Make Freezer Cooking Work for You Even if You Don’t Like Casseroles

Guest Post by Jessica from LifeAsMom

Freezer cooking has been touted as a great way to save money, time, and energy. Also known as Once-A-Month Cooking (OAMC), it offers the home cook a respite from daily kitchen tasks as the freezer is stocked with an assortment of pre-made frozen meals. Since freezer cooking involves one large grocery shopping trip, often buying items in bulk at a reduced rate and then cooking the meals all at one time, this method of meal planning can produce great savings in the pocket book and on the schedule.

Typically when people think of frozen meals, images of stacks and stacks of casseroles come to mind. But, what if you don’t like casseroles? Or what about that small freezer of yours? Thirty meals are not going to fit. Maybe you just like having some flexibility at dinnertime and don’t want to commit to a 30-day meal plan. You might think that freezer cooking’s just not for you.

Au contraire!

You can still reap the benefits of bulk buying and bulk cooking without having to eat Lentil Sausage Surprise for the next month or having to buy a deep freeze. You can have your freezer meals and be creative, too.

Freezer cooking is ultimately making your own convenience foods, tailored to your family’s budget, size, and tastes.

You can easily adapt the standard “OAMC” methods to your own preferences. Think about the meals you regularly prepare and then consider how to make part of that meal ahead of time.

Prepare “dinner kits” for easy to assemble meals such as tacos, burritos, or pizza. Cook and season the meat. Portion the cheese. Cook and season dry beans. Cook up a pot of rice. You can even mix up the pizza dough. Package each of these components in meal-size portions and place all the bags for a certain meal in a larger bag. Be sure to include tortillas. Label and freeze. The work is practically done for you come dinner time. You can easily make kits for sloppy joes, hamburgers, or chili dogs. Just prepare all the components and stash them in the freezer.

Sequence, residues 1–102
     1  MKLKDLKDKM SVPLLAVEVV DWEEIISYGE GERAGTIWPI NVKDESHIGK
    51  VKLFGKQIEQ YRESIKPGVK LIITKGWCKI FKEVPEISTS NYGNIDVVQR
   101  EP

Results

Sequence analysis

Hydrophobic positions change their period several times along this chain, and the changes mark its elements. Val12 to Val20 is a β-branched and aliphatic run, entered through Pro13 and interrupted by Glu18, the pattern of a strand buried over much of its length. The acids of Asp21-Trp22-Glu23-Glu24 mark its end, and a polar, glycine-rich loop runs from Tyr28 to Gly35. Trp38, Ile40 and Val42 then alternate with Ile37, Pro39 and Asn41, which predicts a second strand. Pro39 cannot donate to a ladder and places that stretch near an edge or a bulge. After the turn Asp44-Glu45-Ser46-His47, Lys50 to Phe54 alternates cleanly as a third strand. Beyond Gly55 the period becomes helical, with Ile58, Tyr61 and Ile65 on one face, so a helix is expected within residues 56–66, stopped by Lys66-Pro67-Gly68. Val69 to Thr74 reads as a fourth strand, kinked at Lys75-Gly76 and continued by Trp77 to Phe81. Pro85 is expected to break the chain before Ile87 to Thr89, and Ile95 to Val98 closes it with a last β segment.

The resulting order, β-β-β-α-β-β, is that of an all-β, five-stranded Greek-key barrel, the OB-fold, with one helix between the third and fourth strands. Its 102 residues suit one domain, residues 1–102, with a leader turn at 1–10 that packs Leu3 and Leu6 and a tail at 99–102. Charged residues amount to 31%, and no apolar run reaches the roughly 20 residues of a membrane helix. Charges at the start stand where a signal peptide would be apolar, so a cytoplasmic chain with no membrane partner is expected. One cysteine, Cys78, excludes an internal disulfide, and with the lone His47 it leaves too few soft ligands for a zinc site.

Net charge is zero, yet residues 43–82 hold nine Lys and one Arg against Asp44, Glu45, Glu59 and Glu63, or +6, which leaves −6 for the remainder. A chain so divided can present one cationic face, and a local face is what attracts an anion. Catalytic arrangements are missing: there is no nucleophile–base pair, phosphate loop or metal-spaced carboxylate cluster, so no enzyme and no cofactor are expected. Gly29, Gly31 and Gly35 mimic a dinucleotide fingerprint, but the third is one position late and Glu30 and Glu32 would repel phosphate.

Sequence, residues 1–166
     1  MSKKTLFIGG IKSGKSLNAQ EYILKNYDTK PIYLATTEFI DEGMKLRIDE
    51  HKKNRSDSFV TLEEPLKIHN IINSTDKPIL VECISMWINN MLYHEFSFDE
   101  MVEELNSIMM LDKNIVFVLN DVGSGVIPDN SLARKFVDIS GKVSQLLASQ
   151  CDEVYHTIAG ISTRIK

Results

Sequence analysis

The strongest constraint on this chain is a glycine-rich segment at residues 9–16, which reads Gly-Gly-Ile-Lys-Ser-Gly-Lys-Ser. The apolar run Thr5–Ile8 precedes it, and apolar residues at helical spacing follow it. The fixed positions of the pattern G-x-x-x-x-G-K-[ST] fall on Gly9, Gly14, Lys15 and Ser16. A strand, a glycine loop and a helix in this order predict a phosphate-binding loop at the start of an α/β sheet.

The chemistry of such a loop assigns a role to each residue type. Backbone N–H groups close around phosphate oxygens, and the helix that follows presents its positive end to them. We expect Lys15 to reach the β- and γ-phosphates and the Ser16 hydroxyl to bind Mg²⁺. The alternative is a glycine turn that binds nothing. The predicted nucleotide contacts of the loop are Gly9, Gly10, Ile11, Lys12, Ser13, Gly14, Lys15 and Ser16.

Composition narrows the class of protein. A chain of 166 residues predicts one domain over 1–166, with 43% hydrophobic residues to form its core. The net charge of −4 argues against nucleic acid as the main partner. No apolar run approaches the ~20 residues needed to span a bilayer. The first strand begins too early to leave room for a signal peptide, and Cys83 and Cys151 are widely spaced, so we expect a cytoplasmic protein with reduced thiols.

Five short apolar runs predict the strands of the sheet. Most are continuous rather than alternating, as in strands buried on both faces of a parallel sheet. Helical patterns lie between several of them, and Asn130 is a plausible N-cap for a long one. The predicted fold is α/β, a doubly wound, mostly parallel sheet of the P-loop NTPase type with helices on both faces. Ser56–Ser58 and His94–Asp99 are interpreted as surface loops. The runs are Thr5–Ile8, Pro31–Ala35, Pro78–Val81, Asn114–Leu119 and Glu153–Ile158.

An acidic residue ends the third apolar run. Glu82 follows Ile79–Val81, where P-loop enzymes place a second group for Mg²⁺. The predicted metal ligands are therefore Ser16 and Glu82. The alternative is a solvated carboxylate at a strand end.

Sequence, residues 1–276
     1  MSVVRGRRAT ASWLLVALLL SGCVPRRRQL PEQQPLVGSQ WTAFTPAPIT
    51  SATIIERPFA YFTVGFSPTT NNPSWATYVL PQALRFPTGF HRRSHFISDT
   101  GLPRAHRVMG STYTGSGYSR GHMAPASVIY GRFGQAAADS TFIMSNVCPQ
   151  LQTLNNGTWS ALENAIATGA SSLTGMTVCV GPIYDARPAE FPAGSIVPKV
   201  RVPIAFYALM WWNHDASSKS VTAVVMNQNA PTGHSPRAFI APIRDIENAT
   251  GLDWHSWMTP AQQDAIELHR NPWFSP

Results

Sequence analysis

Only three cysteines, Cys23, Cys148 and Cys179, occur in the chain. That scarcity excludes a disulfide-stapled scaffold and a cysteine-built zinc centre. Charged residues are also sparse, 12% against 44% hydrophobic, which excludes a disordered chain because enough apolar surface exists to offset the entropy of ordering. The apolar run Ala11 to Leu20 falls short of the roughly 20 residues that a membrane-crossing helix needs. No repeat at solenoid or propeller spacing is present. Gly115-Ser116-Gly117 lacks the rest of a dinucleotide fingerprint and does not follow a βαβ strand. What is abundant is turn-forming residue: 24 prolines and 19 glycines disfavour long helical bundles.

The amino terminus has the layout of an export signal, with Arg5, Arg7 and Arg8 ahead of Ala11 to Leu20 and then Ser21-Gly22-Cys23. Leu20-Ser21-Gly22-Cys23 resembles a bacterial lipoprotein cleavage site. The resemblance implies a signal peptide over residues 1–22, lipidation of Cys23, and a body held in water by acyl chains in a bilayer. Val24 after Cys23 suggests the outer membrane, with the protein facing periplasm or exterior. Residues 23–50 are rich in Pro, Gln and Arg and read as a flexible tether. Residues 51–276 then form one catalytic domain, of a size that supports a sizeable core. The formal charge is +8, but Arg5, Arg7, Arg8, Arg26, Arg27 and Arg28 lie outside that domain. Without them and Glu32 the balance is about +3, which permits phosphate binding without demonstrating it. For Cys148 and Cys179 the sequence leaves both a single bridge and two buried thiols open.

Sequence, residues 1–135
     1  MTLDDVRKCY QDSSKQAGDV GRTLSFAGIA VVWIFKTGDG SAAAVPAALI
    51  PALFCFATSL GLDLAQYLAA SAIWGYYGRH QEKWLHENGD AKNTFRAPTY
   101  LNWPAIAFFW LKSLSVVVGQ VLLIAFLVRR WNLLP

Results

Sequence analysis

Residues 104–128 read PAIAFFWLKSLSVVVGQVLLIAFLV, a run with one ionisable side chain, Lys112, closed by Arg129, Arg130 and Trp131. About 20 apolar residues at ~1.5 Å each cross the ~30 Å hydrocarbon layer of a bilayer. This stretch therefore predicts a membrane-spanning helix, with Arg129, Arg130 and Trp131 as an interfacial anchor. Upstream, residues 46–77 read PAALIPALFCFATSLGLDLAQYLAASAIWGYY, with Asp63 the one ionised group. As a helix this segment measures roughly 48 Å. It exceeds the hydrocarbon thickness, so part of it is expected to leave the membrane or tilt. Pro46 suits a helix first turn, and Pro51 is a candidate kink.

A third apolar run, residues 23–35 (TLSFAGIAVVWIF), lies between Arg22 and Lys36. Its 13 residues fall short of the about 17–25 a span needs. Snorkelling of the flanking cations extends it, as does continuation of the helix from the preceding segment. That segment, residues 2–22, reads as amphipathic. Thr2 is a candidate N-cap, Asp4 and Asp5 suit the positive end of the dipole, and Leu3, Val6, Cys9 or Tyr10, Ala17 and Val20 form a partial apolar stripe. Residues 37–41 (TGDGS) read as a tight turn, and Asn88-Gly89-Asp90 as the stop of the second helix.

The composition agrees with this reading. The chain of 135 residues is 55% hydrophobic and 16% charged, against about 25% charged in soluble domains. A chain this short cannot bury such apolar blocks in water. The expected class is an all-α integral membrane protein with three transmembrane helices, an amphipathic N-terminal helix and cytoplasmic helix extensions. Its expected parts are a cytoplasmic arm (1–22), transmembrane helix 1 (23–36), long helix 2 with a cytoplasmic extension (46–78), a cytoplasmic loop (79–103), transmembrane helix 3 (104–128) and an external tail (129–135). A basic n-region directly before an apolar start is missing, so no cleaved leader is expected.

If you’re pressed for space in the freezer, you may not have room to bundle each component. Instead, store the items in the best space-saving way and keep track of what you have.

Love to cook outside? Is your family a bunch of meat eaters? No problem. Trim your cuts of meat, season or marinade and seal in a ziptop bag. Label and freeze. On the day of serving, dump the roast in the crockpot, arrange the chicken in a baking pan, or throw the steaks on the grill. Your dinner prep is half done! Add a side dish and a vegetable and you’re good to go.

Assemble baking mixes for pancakes, muffins, scones, biscuits, brownies, or quick breads. Label a ziptop bag with the recipe name, list the wet ingredients to add later as well as the baking instructions. Measure out the “dry” team into the bag, seal it, and store in the pantry for later use. You’re halfway to homebaked goodies which will be tastier and less expensive than store bought mixes.

Freezer cooking is very adaptable to however you like to feed your family. With a little creative thinking, you can most definitely make freezer cooking work for you. Ready to get started? Check out this step-by-step freezer cooking tutorial.

What is the biggest challenge for you in making freezer cooking serve you best at dinnertime?

– Jessica Fisher, also known as FishMama, regularly feeds her freezer so that she can feed the hungry masses who call her “Mom.” She posts daily about life’s joys and challenges at LifeasMOM and shares delicious ways to act your wage at Good Cheap Eats.

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Comments

  1. says

    Great ideas! I recently did my Whole Foods in a Hurry menu and did hardly any casseroles–just having the main part of the meal done is a big help. I’ve been freezing homemade bun and pizza doughs too, which makes it super easy the day of.

    I just have an over-the-fridge freezer, and I have to freeze a lot in gallon Ziploc bags instead of casserole pans, but I managed to fit a whole month of meals in there!

  2. says

    I haven’t done a real freezer cooking day yet, though I would like to try it out. I do often brown hamburger in bulk and then divide and freeze in containers of 1lb. each. It’s nice to have that ready to make into taco meat, sloppy joes, or add to pasta. I also have made and frozen guacamole in batches when avocadoes go on sale cheap. I do have the luxury of two extra freezers, so I really should try out the OAMC! Also, never thought of pre-making baking mixes. Excellent tip!

  3. says

    Great article! I needed the inspiration to think outside the box when it comes to freezer cooking. My family gets tired of casseroles quick but there are so many other things you can freeze. Thanks!

  4. says

    Great post! I’ve cut down our casseroles to once a week and we’re still eating out of the freezer for most of the month. It’s all about being creative with what you have on hand. I think we all learned how to do that during the pantry challenge! Can’t wait until Monday :)

  5. says

    We rarely eat casseroles and have enjoyed our OAMC stash! I can’t wait to cook in a week…this time I have a friend doing it with me! Great ideas for the baking mixes…will make some this go-around.

  6. Jackie says

    How do the leaveners- is that a word? leavening agents?- like baking soda and baking powder do when they’re premixed? Do they lose potency, or doesn’t it matter?